Right-of-way laws in Indiana are designed to ensure the safety of motorists and pedestrians. Most accidents happen because of the failures to observe the right-of-way laws. The consequences of not obeying these laws can be injury, damage to vehicles and even death. To avoid costly vehicle repairs, or worse, it is important that you understand and obey Indiana’s right-of-way laws.
Summary of Indiana's right-of-way laws
Indiana has right-of-way laws covering traffic signals, intersections and crosswalks that do not have signs or signals.
Green means go – You have the right of way, and you can proceed as long as there are no other vehicles or pedestrians that could present a safety hazard.
Yellow means caution – If you are already in the intersection, or very close to it, keep going.
Red means stop – You no longer have the right of way.
Green arrow means you can turn – Assuming that you are not going to conflict with other traffic that may already be in the intersection. You have the right of way and can proceed.
You can turn right on a red light if no other traffic is present, assuming that the intersection is clear.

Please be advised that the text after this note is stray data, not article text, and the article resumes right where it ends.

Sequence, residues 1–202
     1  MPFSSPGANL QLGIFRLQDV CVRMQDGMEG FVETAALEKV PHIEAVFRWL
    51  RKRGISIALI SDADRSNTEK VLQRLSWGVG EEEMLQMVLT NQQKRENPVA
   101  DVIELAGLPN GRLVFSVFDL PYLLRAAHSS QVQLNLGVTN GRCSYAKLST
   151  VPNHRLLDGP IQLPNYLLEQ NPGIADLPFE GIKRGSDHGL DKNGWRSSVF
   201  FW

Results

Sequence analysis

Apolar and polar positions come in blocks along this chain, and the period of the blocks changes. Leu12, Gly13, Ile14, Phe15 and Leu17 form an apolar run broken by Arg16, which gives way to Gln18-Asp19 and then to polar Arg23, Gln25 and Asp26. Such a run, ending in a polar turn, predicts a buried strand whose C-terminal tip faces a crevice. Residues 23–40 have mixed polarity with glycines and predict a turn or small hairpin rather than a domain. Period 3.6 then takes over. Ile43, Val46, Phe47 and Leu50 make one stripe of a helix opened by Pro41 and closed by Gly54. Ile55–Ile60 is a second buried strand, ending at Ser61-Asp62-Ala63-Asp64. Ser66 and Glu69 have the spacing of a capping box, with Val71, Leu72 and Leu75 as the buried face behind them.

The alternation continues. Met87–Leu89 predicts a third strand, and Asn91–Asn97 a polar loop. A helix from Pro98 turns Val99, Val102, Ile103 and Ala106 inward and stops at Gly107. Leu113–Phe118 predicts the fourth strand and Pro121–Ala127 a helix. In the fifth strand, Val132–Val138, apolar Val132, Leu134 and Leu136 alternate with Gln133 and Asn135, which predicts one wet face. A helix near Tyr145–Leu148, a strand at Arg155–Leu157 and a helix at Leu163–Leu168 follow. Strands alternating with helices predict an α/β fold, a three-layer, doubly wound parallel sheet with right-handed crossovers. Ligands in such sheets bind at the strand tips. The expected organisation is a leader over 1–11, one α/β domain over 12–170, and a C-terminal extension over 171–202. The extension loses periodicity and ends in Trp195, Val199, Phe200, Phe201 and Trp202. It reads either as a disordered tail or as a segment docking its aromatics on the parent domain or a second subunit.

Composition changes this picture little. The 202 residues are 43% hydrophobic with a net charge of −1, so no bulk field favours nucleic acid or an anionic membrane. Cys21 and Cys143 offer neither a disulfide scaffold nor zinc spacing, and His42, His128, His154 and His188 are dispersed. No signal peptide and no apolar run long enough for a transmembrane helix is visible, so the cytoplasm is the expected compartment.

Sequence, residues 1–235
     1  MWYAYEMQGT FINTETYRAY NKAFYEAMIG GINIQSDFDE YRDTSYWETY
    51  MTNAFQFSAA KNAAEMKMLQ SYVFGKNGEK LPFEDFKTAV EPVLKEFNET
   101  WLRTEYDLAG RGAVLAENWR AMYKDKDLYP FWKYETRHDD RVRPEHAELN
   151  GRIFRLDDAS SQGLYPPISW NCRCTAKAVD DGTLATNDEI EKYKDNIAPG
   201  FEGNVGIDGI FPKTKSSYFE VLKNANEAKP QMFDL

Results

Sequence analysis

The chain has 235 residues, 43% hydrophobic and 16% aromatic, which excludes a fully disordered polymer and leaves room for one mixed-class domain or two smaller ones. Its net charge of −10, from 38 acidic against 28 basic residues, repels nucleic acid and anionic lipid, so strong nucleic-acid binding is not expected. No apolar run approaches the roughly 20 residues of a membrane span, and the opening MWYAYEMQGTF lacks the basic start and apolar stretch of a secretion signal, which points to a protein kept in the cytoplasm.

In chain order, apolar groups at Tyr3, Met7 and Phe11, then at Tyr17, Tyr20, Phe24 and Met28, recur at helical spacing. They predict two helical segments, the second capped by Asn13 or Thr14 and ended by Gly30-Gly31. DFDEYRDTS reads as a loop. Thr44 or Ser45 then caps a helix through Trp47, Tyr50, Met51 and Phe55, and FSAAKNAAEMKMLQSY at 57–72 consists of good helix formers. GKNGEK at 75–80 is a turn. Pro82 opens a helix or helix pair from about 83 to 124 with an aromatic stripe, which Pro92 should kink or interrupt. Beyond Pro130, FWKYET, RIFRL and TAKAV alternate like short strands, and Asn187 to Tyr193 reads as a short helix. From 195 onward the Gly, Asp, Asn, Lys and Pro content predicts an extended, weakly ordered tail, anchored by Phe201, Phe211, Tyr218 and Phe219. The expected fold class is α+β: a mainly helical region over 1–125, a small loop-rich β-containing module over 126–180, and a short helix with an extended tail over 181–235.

At a four-way stop, you must come to a full stop, check for traffic, and proceed assuming that it is safe. The first vehicle to arrive at the intersection has the right of way, but if more than one vehicle gets there at about the same time, then the right of way goes to the vehicle on the right.
When in doubt, it is better to yield the right of way rather than risk a collision.
When approaching a roundabout, you must always yield to traffic that is already in the roundabout.
There will always be yield signs at the approach to a roundabout. Look to your left, and if you have a gap in traffic, you can enter the roundabout.
Some roundabouts in Indiana have stop signs instead of yield signs, so look out.
In Indiana, fire and rescue vehicles are equipped with flashing red lights and sirens. If the sirens are blaring and the lights are flashing, you must yield the right of way.
You will probably hear the siren before you see the lights, so if you hear it, check your mirrors and move over if you can. If you can’t, then at least slow down.
Common misconceptions about Indiana's right-of-way laws
One of the most common misconceptions that Indiana drivers have relates to pedestrians. Most drivers know that pedestrians are bounded by right-of-way laws, and that they can be ticketed for jaywalking or crossing against a light. What is less known though, is that if a pedestrian is injured by a motorist, even if that pedestrian has been in violation of the law, the motorist can still be charged – not with failure to yield, if the pedestrian wasn’t entitled to the right of way in the first place, but with dangerous driving.
Penalties for failure to yield
In Indiana, failure to yield can earn you six demerit points on your license – eight if you fail to yield to an emergency vehicle. Fines vary from county to county.
For more information, refer to the Indiana Driver's Manual, pages 52-54, 60, and 73.